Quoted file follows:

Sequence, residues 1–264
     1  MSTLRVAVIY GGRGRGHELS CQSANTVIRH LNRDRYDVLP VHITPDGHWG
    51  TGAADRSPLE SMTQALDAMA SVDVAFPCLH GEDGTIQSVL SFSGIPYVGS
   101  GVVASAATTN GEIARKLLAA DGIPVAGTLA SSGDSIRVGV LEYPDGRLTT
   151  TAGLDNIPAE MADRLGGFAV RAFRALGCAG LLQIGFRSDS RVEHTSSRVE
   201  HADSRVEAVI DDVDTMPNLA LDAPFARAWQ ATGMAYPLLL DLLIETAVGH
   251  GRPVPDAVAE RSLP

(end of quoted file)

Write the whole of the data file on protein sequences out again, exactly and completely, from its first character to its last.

Sequence, residues 1–264
     1  MSTLRVAVIY GGRGRGHELS CQSANTVIRH LNRDRYDVLP VHITPDGHWG
    51  TGAADRSPLE SMTQALDAMA SVDVAFPCLH GEDGTIQSVL SFSGIPYVGS
   101  GVVASAATTN GEIARKLLAA DGIPVAGTLA SSGDSIRVGV LEYPDGRLTT
   151  TAGLDNIPAE MADRLGGFAV RAFRALGCAG LLQIGFRSDS RVEHTSSRVE
   201  HADSRVEAVI DDVDTMPNLA LDAPFARAWQ ATGMAYPLLL DLLIETAVGH
   251  GRPVPDAVAE RSLP